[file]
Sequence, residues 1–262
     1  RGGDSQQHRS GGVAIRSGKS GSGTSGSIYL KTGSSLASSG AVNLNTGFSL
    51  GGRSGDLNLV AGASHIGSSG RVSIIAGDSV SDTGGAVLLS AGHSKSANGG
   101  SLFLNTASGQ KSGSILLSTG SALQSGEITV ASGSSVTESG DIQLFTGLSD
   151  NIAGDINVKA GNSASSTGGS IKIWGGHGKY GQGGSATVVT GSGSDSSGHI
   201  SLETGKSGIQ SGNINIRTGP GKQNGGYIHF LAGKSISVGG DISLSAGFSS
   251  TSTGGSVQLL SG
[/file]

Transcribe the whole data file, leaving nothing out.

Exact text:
Sequence, residues 1–262
     1  RGGDSQQHRS GGVAIRSGKS GSGTSGSIYL KTGSSLASSG AVNLNTGFSL
    51  GGRSGDLNLV AGASHIGSSG RVSIIAGDSV SDTGGAVLLS AGHSKSANGG
   101  SLFLNTASGQ KSGSILLSTG SALQSGEITV ASGSSVTESG DIQLFTGLSD
   151  NIAGDINVKA GNSASSTGGS IKIWGGHGKY GQGGSATVVT GSGSDSSGHI
   201  SLETGKSGIQ SGNINIRTGP GKQNGGYIHF LAGKSISVGG DISLSAGFSS
   251  TSTGGSVQLL SG